Clearly, I recall when a long-time six-figure advertising account said: “We are heading in another direction.” An aggressive proposal to a dependable multi-year account collapsed. I offered alternatives. I scrambled to salvage bits and pieces. In the end, I failed the people who counted on me. It was physically painful! Even today, I remember the crackle of intensity telling my boss the bad news. Actually, I was in physical pain. And today, as I remember that ache, I've learned that sustained fear of rejection is entirely reasonable. This became even more obvious as I understood that rejection is directly linked to physical pain. Further, according to Dr. Nicole F. Roberts, “we recall emotional rejection more strongly than physical pain and it can cause long-term sensitivity.”
“I accepted that my client’s rejection of my proposal was a rejection of me.” – Tim Londergan
The fear of rejection is reasonable.
The pain related to rejection is real – it’s a chemical process deep in our primal lizard brain that we can do nothing about. The fear of rejection has ancient origins of being banished from our tribe – which would result in isolation and certain death. Neuroscience confirms it’s a neural response. Rejection fires up parts of our brain and generates the sensation of pain in the same way that stubbing our toe or bumping an elbow does. Still, not unlike these discomforts, the pain of rejection is brief. Surprisingly, you can find relief by taking acetaminophen. Nevertheless, the negative power of rejection persists only if we allow it. But much like anger, embarrassment and self-blame, it only survives if we feed it.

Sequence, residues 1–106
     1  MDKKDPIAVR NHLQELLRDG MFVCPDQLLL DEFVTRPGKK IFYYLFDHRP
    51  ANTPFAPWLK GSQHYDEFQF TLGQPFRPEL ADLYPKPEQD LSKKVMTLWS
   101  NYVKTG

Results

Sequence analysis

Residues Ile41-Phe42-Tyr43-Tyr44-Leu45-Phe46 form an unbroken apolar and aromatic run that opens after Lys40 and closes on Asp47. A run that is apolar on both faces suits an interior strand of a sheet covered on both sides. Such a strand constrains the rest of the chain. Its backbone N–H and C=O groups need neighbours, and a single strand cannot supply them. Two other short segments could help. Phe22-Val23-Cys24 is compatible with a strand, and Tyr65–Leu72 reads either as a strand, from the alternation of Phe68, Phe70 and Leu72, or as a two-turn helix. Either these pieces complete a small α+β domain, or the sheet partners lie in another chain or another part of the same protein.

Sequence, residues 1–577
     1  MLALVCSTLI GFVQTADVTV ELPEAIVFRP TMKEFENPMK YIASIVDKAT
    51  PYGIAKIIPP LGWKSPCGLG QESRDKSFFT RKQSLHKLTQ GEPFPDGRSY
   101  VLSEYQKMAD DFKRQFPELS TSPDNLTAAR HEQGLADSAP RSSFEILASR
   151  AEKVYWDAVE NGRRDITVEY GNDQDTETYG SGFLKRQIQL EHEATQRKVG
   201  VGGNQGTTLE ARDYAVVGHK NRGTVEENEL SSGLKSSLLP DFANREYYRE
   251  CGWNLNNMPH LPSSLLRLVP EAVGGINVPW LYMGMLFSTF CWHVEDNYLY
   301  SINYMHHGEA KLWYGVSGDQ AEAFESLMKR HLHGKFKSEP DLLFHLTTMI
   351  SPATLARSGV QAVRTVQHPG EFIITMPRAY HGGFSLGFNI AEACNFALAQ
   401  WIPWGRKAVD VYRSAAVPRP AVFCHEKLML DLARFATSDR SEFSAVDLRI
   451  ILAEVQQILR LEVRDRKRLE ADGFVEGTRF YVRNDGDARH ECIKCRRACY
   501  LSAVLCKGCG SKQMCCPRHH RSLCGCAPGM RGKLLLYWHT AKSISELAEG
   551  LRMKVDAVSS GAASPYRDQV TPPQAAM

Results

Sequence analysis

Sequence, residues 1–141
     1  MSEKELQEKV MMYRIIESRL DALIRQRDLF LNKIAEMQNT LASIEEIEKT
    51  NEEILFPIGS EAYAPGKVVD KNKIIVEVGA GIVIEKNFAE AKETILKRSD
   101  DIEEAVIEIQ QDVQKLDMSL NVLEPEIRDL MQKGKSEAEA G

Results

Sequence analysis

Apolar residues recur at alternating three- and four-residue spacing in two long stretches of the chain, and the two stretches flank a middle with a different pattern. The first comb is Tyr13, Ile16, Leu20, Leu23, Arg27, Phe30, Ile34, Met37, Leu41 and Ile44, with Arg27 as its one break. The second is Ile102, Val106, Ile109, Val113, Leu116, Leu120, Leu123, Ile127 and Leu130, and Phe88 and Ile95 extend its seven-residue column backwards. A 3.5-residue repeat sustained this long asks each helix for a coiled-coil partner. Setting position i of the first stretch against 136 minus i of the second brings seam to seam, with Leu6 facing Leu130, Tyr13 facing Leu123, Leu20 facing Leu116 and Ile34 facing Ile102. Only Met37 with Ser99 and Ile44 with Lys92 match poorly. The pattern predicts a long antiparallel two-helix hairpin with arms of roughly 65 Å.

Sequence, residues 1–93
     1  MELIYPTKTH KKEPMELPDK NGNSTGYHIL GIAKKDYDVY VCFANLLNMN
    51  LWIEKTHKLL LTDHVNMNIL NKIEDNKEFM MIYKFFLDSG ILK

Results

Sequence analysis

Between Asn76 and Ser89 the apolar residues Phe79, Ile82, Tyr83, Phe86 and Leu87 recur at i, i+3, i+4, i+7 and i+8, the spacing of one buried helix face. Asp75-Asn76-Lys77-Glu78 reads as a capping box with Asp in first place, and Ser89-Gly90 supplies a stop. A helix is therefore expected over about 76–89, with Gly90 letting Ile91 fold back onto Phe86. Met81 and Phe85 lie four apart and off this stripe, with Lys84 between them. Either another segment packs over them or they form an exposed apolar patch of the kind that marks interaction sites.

Learn from rejection and move on!
Getting rejected is out of your control. But how you treat yourself afterward is totally on you. The damage rejection causes is usually of our own choosing. And, just when our self-esteem is suffering, we go and damage it even further with negative self-talk. Elizabeth Scott, PHD explains how you can break that pattern.
Check-in with your self-talk
Scott offers that self-talk takes many forms, and it can be a source for good or evil. Certainly, it keeps us motivated and helps us complete our goals. Likewise, positivity and resilience are personality traits that boost our self-talk. However, negative self-talk can bring us down. This harmful inner dialogue can limit our ability to believe in ourselves and diminish our capacity to make positive changes. These unhelpful internal chats give our fear of rejection an exaggerated status and paralyze our progress. In a separate article, Scott addresses cognitive distortions that may be easy to see in others but hard to identify within ourselves. It may be worth clicking the link to see if you can identify any familiar spins that you put on events in your life that are less-than-accurate interpretations.
Imagine a brighter future
Author, Kendra Cherry, MS, provides 10 ways to build resilience for verywellmind.com. It seems resilient people have a stronger or more adaptive protective response to the fear of rejection. According to Cherry, they can deal with and bounce back from the difficulties of life. “Resilient people tend to maintain a more positive outlook and cope with stress more effectively.”
Fortunately, resilience is a personality trait that can be learned. Coincidentally, the strategies to build resilience follow the same path to personal growth and improved mental health. Finding purpose, believing in yourself, embracing change, and learning self-care are challenging goals and deliver exceptional rewards. When you believe you can succeed and follow through on your convictions, the momentum will carry you forward to achieve more, believe more and build on your existing strengths.
Photo by Keira Burtonon on Pexels.com